The big day came. On that day stakes for culverts on about 50 miles of ditches were to be set. Bruhn and Billock left Floodwood about three in the morning. They were to meet at a camp about 14 miles away but as the Engineer had some things to do he went to the camp one way, Billock the other. Both ways were about the same distance. They then started out on the ditch bank, picking up bundles of sticks, pacing off the distance. They did the job and walked back to camp where they had supper. Then Frank Billock proposed that they walk back to Floodwood. Bruhn said that he had had enough. As a matter of fact, Frank Billock said that he had walked enough for one day. He was glad when the Engineer did not wish to walk into town because he was not sure that he could make it himself. He had walked over 60 miles that day. .
It was not only as a walker that Frank Billock became known. He soon had a reputation for strength in all ways. He could lift. In the days of his ditch work he would never put a jack under a Ford car. That was a waste of time..

One day the crew was transporting gasoline to the dredges. One of the barrels of gasoline slipped and fell upon a workman. Two other men tried to lift it off from the victim but could not do it. Frank Billock came along. He lifted the barrel off from the man and then lifted it up into the wagon. There is close to 500 pounds in a barrel of gasoline. We asked Mr. Billock if he could handle a barrel of pork. That is a good lift but easy to handle compared to gasoline which not only weighs more but the weight shifts, making it just about the meanest thing to handle that there is. We shall now tell you of a feat of strength which we believe to be unrivelled in the history of this section. If you know of anything better, bring it in..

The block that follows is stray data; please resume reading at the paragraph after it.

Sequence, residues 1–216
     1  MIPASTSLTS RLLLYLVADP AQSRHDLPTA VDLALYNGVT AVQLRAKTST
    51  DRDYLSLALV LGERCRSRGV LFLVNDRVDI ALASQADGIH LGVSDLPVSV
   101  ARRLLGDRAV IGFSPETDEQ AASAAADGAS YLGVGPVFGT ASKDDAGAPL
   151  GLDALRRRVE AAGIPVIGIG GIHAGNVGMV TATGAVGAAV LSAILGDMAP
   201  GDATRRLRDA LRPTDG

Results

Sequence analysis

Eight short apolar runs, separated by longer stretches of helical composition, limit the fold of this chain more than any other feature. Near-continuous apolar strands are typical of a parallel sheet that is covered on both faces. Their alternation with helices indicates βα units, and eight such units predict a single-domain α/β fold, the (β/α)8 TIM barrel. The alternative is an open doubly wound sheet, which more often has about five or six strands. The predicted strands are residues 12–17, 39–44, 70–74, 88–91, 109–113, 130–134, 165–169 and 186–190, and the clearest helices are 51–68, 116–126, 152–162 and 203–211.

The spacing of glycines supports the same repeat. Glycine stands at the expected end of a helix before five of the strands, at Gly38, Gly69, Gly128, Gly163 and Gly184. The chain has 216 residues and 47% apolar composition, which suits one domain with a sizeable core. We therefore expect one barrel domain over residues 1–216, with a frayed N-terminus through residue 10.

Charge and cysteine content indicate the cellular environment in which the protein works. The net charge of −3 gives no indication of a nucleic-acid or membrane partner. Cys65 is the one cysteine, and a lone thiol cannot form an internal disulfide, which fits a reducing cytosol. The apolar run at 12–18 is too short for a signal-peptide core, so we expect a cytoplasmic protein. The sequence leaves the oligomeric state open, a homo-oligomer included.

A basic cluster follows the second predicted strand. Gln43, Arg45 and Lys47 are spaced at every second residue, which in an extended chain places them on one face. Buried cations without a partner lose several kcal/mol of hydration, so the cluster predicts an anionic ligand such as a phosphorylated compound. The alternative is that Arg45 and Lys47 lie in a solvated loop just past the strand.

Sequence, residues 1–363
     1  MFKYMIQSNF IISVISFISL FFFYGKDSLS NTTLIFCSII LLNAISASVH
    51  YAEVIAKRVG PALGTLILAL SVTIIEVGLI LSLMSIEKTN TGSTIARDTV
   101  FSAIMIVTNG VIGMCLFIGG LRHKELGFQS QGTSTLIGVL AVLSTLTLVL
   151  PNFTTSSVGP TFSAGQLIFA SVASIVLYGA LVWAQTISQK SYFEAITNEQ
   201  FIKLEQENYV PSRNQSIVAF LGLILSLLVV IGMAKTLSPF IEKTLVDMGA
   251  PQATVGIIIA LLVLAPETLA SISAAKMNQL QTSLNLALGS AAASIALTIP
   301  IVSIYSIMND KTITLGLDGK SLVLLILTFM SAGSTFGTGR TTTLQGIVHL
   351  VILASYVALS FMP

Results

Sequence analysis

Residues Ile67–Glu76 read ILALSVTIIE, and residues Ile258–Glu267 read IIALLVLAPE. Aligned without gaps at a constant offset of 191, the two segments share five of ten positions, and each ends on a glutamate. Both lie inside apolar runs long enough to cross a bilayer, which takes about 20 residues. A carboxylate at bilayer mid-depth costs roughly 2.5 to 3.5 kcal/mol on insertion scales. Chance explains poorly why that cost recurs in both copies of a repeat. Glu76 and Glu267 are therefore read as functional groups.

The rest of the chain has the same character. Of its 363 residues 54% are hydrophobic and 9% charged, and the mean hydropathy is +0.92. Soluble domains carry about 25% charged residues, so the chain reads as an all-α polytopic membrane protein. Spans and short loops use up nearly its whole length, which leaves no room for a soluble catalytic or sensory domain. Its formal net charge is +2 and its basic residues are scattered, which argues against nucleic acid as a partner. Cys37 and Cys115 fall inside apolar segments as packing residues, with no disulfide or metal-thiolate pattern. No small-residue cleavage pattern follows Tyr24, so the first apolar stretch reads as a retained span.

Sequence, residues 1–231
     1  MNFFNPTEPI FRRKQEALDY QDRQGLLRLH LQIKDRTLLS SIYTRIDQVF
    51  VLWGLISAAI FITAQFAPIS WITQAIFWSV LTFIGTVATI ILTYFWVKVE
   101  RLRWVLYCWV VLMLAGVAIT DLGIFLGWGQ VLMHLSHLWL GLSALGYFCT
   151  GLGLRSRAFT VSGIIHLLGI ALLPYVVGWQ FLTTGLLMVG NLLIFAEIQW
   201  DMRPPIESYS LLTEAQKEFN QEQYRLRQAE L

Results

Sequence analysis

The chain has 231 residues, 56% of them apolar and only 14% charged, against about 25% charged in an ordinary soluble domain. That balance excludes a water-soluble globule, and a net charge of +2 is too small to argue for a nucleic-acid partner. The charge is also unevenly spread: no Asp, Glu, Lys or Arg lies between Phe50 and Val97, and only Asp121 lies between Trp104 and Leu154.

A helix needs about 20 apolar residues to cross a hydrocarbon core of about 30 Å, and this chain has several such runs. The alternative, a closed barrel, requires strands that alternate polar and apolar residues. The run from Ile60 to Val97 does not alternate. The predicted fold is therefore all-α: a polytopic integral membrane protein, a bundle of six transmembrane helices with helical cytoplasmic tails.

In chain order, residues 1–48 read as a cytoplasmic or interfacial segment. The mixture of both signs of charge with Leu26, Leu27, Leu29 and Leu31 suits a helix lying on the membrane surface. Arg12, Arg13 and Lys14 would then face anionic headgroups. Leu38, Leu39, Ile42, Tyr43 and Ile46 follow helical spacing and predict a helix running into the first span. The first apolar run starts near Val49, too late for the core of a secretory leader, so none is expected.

A block and U bolt on a dredge had broken. Another was ordered and it came by express arriving at Floodwood on the midnight train. Frank Billock went to the depot. He loaded the part on the rig which took it out eight miles. Frank Billock then put this steel casting on his back. It weighed 280 pounds. He carried it to the dredge nine miles away.
The entire distance was through the swamp. The surface of the earth was frozen but on nearly every second or third step a foot would nearly break through. The entire trip was made in the dark. A river was crossed and as the ice was still thin the casting was pushed ahead on the ice. When Frank Billock reached his destination he went to bed and slept for 24 hours straight..
Frank Billock is still strong. He has just as good as he ever was for a short time. But he does not have the endurance of his prime, though he doubtless has enough endurance to take care of himself in any emergency which arrives on the Grand Rapids police force. Many people in Grand Rapids are familar with the names of the strong men of the earlier generation. There was Al Hason, Bob McCabe, Varnum Blood and many others. Frank Billock says there are some good strong men.

  • Maintained by: Paul Demarais
  • Originally Created by: Member #46989892
  • Added: 15 Sep 2008
  • Find A Grave Memorial 29813980
  • Paul Demarais
  • Find A Grave, database and images ( : accessed ), memorial page for Frank Ernest Billock (16 Aug 1881–18 Mar 1941), Find A Grave Memorial no. 29813980, citing Itasca Calvary Cemetery, Grand Rapids, Itasca County, Minnesota, USA ; Maintained by Paul Demarais (contributor 46919660) .